Monday, December 14, 2015

American Dream: Designing Something Like the HighLine in NYC

Dreams of High-Impact Design

By Norma Jaeger Hopcraft

I wish I had thought of it: Convert an old, elevated railroad track through a gritty part of New York City into an elevated park.

What a great concept! Probably stolen from some other city, but executed in a grand manner here in NYC.  These shots are from July 2014, just before I went on the grandest adventure of my life (so far): a one-year creative writing sabbatical in Paris! More on that later.

Good, clean design. Unfortunately, not designed for me! I need back support!

Lush vegetation along the HighLine.

A gardener working (I want that job!) and people enjoying.

The people in this building get a bonus view.

Lovely plantings -- wait, that's not cannabis, is it? :)

Artfully placed plants -- or perhaps one of nature's serendipitous juxtapositionings.

Restful greenery and flowers in a high-density area.

A shady perch, with back support.

An extension of the HighLine in the process of being completed.

Now we go to Maplewood, NJ, to an indie bookstore called Words.

This is a great space for a writer to see, a place where people can buy books and read about another person's viewpoint. And not be so alone.

A sign in the window. A reminder for when life gets hard.

A reminder for every day. This is how the HighLine started, as a dream. "Nothing happens but we dream it first," Carl Sandburg said.
How about you? Are you dreaming about what could be? You're never too old to stop dreaming! Comment below on your dream, or on bookstores, or on the HighLine.

Tuesday, November 17, 2015

Dreams of Independence: Catalunya

Catalunyan Dreams of Independence

By Norma Jaeger Hopcraft

Catalans held their independence day while I was in Barcelona recently. Supporters of the idea of secession from Spain draped themselves in Catalan flags and showed their support every which way they could.

If you wore a pendant like this, you were for independence.

If you wore a T-shirt like this, you were for it.

For it.

There was no lack of flags, or Catalan independence spirit, that day.

A pro-independence flag against a Barcelona / Mediterranean sky.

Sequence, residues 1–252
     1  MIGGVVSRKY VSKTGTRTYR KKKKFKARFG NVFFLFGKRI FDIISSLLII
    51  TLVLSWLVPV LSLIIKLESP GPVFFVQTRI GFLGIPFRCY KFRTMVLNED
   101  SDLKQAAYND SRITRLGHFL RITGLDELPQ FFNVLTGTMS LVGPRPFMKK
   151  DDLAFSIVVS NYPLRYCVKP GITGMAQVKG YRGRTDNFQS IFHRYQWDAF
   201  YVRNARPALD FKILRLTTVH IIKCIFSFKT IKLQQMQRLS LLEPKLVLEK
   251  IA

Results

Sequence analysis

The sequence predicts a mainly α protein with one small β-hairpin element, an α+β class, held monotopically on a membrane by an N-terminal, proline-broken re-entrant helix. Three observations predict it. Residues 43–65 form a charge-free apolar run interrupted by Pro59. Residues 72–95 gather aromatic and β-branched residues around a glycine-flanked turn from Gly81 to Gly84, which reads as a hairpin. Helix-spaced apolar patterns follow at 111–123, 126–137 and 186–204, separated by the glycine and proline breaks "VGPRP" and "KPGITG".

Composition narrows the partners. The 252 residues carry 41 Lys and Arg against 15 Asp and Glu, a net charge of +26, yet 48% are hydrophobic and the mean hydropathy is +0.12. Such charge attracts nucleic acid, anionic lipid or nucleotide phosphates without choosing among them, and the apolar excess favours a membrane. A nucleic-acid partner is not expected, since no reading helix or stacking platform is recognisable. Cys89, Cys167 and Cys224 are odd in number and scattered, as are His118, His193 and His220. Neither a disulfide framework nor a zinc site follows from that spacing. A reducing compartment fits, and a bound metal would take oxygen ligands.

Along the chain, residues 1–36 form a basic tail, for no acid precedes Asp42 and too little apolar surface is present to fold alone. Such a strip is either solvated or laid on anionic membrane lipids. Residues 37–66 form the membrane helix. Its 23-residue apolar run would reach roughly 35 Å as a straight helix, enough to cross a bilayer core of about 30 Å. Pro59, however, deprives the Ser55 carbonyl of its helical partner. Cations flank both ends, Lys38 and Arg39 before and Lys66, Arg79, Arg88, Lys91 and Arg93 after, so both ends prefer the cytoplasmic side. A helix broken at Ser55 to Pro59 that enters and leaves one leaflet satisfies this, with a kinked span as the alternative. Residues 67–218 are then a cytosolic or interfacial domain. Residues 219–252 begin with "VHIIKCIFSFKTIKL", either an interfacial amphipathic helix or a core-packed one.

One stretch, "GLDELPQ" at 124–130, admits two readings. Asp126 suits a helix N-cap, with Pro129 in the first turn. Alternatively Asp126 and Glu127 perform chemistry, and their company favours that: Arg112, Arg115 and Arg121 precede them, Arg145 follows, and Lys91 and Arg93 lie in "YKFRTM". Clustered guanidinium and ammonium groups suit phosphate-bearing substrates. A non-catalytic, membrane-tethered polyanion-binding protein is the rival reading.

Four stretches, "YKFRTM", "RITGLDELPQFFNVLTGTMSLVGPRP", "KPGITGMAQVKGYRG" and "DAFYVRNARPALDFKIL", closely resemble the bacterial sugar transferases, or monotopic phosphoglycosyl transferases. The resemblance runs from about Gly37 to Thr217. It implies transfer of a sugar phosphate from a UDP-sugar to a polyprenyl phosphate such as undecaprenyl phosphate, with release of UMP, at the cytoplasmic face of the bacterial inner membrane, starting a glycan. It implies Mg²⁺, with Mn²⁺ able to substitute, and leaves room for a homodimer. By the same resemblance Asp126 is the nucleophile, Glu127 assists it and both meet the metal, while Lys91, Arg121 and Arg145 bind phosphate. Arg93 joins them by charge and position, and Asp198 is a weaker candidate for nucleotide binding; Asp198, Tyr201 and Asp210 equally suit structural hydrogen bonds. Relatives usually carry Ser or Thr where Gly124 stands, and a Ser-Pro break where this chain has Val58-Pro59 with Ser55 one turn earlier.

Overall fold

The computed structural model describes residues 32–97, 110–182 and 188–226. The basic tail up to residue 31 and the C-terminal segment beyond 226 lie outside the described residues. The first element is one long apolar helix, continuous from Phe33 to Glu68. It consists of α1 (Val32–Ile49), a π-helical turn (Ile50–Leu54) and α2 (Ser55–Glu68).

Face paint? For it.

See the giant in the red cap? That's pure Catalunyan. He's for it.

More symbols for it.

Barcelona's iconic Agbar Tower is for it.

It's hard to convey the spirit of the crowd.

These young ladies are all for independence.

He's for it, too.

The giant farmer and mermaid were paraded for independence.

Looks like they'll live happily ever after.

He's head and shoulders above the crowd.

Have a beer in favor of independence.

He's in favor, too.

Heading toward the big demonstration, all in favor.
This guy doesn't care one way or the other.

The outcome of the vote later that month was complicated, and not at all binding on the legislature of Spain.
But you got a taste of Catalan spirit. Not everybody wants independence. Some Catalans feel that they are stronger united with Spain. The outcome of all this flag-waving and parading waits to be seen.

Monday, October 19, 2015

American -- and Maybe Everybody's -- Dream: Independence Day

The Dream of Catalunyan Independence 

By Norma Jaeger Hopcraft

One Catalunyan said of the upcoming referendum, "My grandfathers are singing in their graves with happiness."

If the referendum failed, it wasn't for lack of spirit and flags.

Catalunyan flags EVERYWHERE.

Bikes had 'em.

Enterprising Catalunyans made lottery tickets available at the demonstration.

The iconic Agbar Tower near the site of the demonstration.

People danced traditional folk dances. Because this was Barcelona (like any big city), they parked their bags where they could keep an eye on them while they celebrated.

You have to be on your toes to dance Catalan style.

The father is for independence. The little girl isn't sure.

This means he's for it.

These friends are for independence.

This guy doubled up for extra effect.

His head rag is for it.

These scarves are for it.

This little girl is for it. She's being lifted onto her father's shoulders, and he's all for it.

The little tyke's T-shirt means he's for it.

Monday, September 28, 2015

Catalunyan Independence I

Catalunyan Independence

By Norma Jaeger Hopcraft

Catalunya, the area of Spain I now live in and seek my American Dream, wanted an historic referendum on whether or not to secede from Spain. Catalunyans have a long-term distrust of Madrid and a history of rebellions put down brutally. The region creates 35% of Spain's GNP, and they want to stop the flow of tax money to Madrid. Nobody here cares a fig about the Spanish royal family. They see them as drains on the economy and a bunch of entitled, corrupt snobs.

"My grandfathers are singing in their graves," one Catalan told me. Earlier in September was the annual National Day of Catalunya. This year it was bigger because of the upcoming referendum.

Barcelona is the capital of Catalunya. Here is the Arc de Triomph with people preparing to march in favor of independence at the foot.

Flags were everywhere. This is how people showed support for indepence.

Wearing the flag of Catalunyan independence means you're in favor of it.

So does wearing these T-shirts.

This means you're in favor of it.

So does this.

This T-shirt? In favor.

Whole families got into it.

These people just wanted gelato.